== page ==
When it comes to poor posture not caused by pain but by diseases (Scheuermann’s disease for example), the same principle applies: Due to the altered joint position, specific muscle groups are constantly contracted, and others extended.

Take the example of the round back due to Scheuermann’s disease; the muscles of the chest and abdomen are in a contracted/shortened position, while large parts of the back are extended/stretched.

As you can see, muscles, even with structural problems, can contribute to pain as well as be affected by it.

1.2 Psychological/emotional causes

Neck pain may also have its origin in our mind. Again, our muscles play a major role here.

Thoughts lead to emotions, emotions to conscious or unconscious movements, and movements are caused by muscle activity.

As such, muscles are a mirror to your thoughts and feelings in a way.

Be aware that muscle activity is not only necessary for climbing a staircase, but also for moving your eyes, speaking, digesting, pumping the blood through your vessels, breathing, and so on.

Take the time to observe…

  • What happens to your stomach when you feel anger;
  • How you breathe when you are afraid;
  • What happens to your heartbeat when you are excited;
  • How your forearms and hands tense up when you argue;
  • How your shoulder and neck areas tense when “your stress sits in your neck”.

Stress usually leads to increased alertness in the body. It activates a part of the nervous system (the sympathetic nervous system), which also leads to the reduction of the flow of saliva and an increase in muscle tension in addition to an increase in heart rate.

If we have enough ways to overcome stress with moderate effort, we can refer to it as “positive stress”.

However, stress can also quickly be negative.

For many individuals, negative stress triggers neck pain.

It arises when someone can no longer deal with a (life) situation. They run out of ways to solve the situation, and feel overwhelmed.

It does not matter whether the problems are financial, difficult work-place relations, relationship problems, or family disputes.

The stimulus, the situation and the problem itself, goes from being a challenge to overload.

The challenge becomes overload

1.2.1 Stress and the body’s patterns of self-protective responses

We often react to overload with aversion and negative thought processes and emotions.

Our body reacts — it wants to protect us. To do this, it tightens muscles that flex our joints. That’s a defence pattern, which leads to the foetal position when fully expressed.

We protect the face, neck, and our vulnerable organs and place our hard shins and back to the outside.

The chest and abdominal muscles also tighten. This results in a “round” back, and the extension of the muscles located there stretches them.

The strain induced in the back can easily spread to the neck, given that some of the muscles in then neck are directly connected to those in the back.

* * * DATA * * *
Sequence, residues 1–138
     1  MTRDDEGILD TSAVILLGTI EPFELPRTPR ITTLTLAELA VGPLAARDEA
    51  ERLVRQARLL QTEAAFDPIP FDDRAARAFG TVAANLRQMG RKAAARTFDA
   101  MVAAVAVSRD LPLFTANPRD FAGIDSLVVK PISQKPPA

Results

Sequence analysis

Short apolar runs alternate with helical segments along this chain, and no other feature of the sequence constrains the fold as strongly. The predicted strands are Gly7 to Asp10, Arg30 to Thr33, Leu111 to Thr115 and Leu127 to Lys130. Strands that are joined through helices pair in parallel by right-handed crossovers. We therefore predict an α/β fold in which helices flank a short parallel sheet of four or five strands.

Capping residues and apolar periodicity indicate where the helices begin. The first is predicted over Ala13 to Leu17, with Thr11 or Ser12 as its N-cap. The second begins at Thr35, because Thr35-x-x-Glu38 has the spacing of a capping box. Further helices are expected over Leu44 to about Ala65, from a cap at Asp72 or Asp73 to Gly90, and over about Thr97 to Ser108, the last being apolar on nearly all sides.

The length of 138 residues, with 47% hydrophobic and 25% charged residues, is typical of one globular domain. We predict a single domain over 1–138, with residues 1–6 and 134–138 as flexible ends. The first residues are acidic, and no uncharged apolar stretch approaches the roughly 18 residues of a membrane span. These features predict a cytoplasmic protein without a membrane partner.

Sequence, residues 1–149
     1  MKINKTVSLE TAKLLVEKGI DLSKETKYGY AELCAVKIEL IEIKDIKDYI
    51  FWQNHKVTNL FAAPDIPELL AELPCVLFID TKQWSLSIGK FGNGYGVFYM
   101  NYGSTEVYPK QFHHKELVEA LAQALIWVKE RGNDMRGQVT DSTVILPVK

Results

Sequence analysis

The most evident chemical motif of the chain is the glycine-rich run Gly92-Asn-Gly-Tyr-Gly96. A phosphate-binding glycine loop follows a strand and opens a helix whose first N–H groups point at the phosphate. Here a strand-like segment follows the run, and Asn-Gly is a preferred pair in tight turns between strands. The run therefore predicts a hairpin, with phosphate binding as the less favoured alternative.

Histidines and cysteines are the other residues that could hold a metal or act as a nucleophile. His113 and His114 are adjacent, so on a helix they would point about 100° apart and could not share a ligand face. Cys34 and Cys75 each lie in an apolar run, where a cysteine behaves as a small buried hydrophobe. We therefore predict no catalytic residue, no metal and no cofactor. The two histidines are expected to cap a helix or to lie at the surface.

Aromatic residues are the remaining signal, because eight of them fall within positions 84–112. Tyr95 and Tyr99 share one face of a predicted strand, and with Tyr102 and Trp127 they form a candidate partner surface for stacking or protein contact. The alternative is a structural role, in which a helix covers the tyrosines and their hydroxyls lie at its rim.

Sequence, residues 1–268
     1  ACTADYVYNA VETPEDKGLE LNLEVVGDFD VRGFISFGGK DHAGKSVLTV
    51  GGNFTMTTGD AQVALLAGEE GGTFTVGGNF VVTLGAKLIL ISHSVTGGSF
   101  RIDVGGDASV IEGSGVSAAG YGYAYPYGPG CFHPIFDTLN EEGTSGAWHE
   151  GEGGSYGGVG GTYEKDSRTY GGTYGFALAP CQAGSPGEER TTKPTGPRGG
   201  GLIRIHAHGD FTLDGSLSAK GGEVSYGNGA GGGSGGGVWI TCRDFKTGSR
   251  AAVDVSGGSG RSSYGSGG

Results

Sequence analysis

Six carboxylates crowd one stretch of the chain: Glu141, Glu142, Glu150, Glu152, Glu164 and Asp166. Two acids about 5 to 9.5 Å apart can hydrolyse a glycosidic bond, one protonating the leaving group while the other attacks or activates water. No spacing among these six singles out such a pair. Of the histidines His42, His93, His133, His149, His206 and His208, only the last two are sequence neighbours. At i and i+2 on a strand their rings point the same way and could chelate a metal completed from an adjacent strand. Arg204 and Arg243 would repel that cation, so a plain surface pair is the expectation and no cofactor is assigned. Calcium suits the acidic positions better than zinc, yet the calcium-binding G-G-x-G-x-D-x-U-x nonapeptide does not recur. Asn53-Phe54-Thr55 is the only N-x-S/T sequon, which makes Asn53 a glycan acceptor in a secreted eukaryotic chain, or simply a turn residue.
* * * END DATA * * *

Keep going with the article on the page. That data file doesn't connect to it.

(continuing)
If the stress remains, the patterns of self-protective responses, which were triggered by our perception of things and caused by our thoughts and feelings, also remain.

If you have gotten this far on this page, it is superfluous to explain that this can be an origin of muscular problems.

To put it simply, mental stress also leads to muscle tension.

Mental stress also leads to muscle tension.

1.3 Muscle tension in the neck due to everyday stress

Up to now, I have explained how orthopaedic diseases and your psyche can impact your muscles and trigger neck pain.

There are of course other causes, and these can be found in your everyday life.

Mots of regular habits can trigger muscle tension in the neck.

My objective is to help you understand why they may cause problems in your muscles.

Therefore, I will again sum up a few key factors that can lead to muscle strain.

In my opinion, the following three points are the most common triggers for pain and tension in the neck:

  • Permanent contraction or extension of the muscles (very common).
  • Active overload of the muscles (often).
  • Trauma & considerable external forces on the muscles (less frequently).

These points especially cause strain when:

  • Your muscles are poorly trained or weak.
  • Your muscles are not used to the load.
  • Or, they are given too little time to adapt.
  • There are no compensatory activities (self-massage, relaxation, etc.)
  • They are accompanied by other possible causes (stress, disease, accidents, etc.)

1.3.1 Persistent contraction/shortening or extension:

If a muscle is held in the same position for a long time (minutes to hours), or hardly moves, it can overburden the muscle and cause tension and trigger points.

In everyday life there are often unfavourable habits:

  • Prolonged sitting with arms in front of the body (muscles shortened in the chest, extended in the back, and shortened at the nape of the neck).
  • The table or the back of the chair is too high (shoulder and neck area are shortened)
  • Holding the phone between the ear and shoulder (contraction of one muscle and extension of the other on the side of the neck)
  • Looking up for a long time
  • Reading in bed whilst lying on the side
  • Etc.

Problems may occur if you return the affected muscles to their “normal position” too quickly.

For example:

You sleep for an hour in your chair or in the car, and your head tilts to one side. Suddenly the phone rings, as you wake up, you move your head, and that is when it happens.